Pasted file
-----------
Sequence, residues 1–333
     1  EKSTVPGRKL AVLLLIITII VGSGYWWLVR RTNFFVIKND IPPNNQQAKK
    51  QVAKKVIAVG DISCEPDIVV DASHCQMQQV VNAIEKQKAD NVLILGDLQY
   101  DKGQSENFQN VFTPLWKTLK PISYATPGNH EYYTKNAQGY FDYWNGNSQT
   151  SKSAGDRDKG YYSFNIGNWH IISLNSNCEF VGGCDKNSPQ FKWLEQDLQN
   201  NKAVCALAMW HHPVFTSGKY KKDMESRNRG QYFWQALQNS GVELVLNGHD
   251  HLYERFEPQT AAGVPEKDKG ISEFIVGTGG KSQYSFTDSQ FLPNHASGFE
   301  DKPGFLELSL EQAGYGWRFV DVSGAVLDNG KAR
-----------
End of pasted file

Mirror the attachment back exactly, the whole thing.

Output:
Sequence, residues 1–333
     1  EKSTVPGRKL AVLLLIITII VGSGYWWLVR RTNFFVIKND IPPNNQQAKK
    51  QVAKKVIAVG DISCEPDIVV DASHCQMQQV VNAIEKQKAD NVLILGDLQY
   101  DKGQSENFQN VFTPLWKTLK PISYATPGNH EYYTKNAQGY FDYWNGNSQT
   151  SKSAGDRDKG YYSFNIGNWH IISLNSNCEF VGGCDKNSPQ FKWLEQDLQN
   201  NKAVCALAMW HHPVFTSGKY KKDMESRNRG QYFWQALQNS GVELVLNGHD
   251  HLYERFEPQT AAGVPEKDKG ISEFIVGTGG KSQYSFTDSQ FLPNHASGFE
   301  DKPGFLELSL EQAGYGWRFV DVSGAVLDNG KAR